Product pages are often the moment of decision for a visitor. They may have worked through categories and directories to land on the most relevant product to their needs; or they may have weeded through a sea of search ads to have finally arrived at your page. And now, only one question remains, “Is this product worth its cost?”
Recently, our research analysts were given the opportunity to test varying designs for a given product page. At the end of our experimentation, we had discovered a product page layout that increased revenue by 24%. What follows is an overview of the test and our findings.
The Original Page (click to view)
The company we were working with offers financial software in both the B2B and B2C markets. The particular product page we were testing features accounting management software for small businesses. Increasing the amount of revenue generated by the product page was the primary objective of the test and the design was a variable cluster A/B split test.
After analyzing the original page, our analysts identified the following potential areas of improvement:
- Page layout (friction)
- Page copy and images (value prop)
- Product selection process (friction)
However, we also were curious to know not only the best layout, but also the best presentation of product information.
This product could easily have many pages written about it concerning its usefulness and dynamic features, but we wanted to test exactly how much information was needed to make the sale. These potential areas of improvement informed the following treatments.
Treatment 1 – Single column w/ drop-down selection (click to view)
Treatment 1 added more copy (intro paragraph with bullet points), and also had a single, strong product image and a 60-day money-back guarantee.
Finally, it utilized a drop-down box for additional product options and add-ons.
Treatment 2 – FAQ long copy (click to view)
This page was designed to feel like a FAQ page. It is long copy, going through common questions asked by visitors and providing the answers to those questions. Would visitors be more likely to purchase if they were provided more product information?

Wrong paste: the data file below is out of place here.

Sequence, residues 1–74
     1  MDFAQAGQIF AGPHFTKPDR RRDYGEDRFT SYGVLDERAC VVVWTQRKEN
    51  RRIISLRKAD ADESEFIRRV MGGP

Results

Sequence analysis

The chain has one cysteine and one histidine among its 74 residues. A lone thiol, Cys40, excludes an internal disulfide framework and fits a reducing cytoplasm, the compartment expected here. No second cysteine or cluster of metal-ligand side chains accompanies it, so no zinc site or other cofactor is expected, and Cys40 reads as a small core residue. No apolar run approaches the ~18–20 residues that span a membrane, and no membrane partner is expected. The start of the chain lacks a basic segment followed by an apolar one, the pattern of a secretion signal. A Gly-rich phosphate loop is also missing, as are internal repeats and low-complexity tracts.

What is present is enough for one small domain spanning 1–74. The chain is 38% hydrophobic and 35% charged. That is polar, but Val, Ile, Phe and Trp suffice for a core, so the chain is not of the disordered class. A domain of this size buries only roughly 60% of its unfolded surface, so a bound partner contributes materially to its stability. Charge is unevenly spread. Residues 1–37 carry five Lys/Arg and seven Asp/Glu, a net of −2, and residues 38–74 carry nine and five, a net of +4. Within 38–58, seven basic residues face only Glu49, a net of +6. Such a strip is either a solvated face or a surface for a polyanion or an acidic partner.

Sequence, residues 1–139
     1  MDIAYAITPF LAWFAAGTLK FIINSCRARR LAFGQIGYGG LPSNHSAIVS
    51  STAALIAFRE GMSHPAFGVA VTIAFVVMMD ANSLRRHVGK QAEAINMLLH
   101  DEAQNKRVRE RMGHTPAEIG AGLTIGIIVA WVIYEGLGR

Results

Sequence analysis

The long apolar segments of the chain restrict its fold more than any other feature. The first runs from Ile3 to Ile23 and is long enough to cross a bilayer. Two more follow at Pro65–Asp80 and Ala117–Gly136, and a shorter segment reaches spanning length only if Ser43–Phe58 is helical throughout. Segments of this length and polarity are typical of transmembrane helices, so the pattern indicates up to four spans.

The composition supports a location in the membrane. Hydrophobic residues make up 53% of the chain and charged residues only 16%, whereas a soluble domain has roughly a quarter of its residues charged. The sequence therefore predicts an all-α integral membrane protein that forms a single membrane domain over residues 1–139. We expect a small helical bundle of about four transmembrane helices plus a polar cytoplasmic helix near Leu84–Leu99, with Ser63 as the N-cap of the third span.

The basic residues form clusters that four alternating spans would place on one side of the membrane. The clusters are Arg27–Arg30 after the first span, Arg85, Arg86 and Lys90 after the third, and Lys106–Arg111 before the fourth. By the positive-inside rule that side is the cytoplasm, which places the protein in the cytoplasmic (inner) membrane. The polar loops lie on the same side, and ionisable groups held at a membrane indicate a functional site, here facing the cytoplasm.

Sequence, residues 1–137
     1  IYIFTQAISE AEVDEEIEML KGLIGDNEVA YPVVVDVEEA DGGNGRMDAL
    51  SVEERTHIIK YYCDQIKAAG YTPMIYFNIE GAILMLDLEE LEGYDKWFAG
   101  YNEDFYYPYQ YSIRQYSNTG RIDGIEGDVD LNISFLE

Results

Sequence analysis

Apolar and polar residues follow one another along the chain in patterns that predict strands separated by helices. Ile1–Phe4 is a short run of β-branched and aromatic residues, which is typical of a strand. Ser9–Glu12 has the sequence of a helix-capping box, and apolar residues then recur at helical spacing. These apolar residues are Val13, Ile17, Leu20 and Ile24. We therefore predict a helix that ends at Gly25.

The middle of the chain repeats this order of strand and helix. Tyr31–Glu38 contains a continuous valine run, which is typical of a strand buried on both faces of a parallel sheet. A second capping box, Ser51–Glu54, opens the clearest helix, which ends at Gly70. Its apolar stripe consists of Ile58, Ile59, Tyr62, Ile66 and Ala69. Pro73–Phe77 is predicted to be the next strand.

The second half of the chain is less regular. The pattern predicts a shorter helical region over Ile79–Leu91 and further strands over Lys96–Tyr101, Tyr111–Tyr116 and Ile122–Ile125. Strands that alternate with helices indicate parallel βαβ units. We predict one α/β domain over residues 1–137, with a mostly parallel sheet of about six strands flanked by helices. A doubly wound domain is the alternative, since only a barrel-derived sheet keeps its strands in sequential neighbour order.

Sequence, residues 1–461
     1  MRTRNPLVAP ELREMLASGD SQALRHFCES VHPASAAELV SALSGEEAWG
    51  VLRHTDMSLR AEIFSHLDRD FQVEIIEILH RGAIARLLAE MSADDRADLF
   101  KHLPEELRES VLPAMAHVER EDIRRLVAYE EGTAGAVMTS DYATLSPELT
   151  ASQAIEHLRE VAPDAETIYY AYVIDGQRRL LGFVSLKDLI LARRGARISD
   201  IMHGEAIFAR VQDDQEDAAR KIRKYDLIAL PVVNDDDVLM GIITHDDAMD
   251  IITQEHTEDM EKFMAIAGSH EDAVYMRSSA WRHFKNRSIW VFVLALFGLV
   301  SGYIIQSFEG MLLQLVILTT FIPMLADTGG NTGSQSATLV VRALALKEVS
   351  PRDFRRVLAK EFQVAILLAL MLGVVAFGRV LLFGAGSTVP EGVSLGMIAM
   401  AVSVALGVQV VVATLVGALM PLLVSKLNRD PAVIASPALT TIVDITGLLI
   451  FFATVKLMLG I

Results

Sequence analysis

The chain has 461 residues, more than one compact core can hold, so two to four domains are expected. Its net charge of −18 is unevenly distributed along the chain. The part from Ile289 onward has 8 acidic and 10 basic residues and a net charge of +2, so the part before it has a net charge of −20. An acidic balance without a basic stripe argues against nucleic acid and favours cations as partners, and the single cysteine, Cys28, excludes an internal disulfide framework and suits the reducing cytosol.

Instead of a drop-down box, this design used radio buttons for additional product options.
Treatment 3 – Radical tabbed layout (click to view)
This page also had very strong product imagery in the top banner that included screenshots of charts and graphs generated by the software.
We also removed the additional product options in this version to hopefully narrow the visitor’s attention to the featured product.
The Results (updated)
The shorter single column layout product page outperformed the control by 13%. Below is a breakdown of the results. What you need to understand is that by eliminating the competing objectives, simplifying the flow, and adding copy and images that emphasized the value, we were able to not only increase conversion but the revenue per vistor by 23.91%.
But where is the real the gain from this test? Is it just in the numbers – a 24% increase in revenue per visitor? No doubt it is in the numbers, but often, though a test may improve a page’s performance, its greatest gain often comes from what it teaches you about your visitors. This is because the value of customer insights extends far beyond a single test.
In our recent web clinic, “Double the Value of Your Online Testing: Don’t just get a result, get the maximum customer insights”, we discussed the potential impact of a properly established system of interpretation and the three key questions that must be asked of every experiment. Activate your free subscription to be notified when the replay of this Web clinic is available.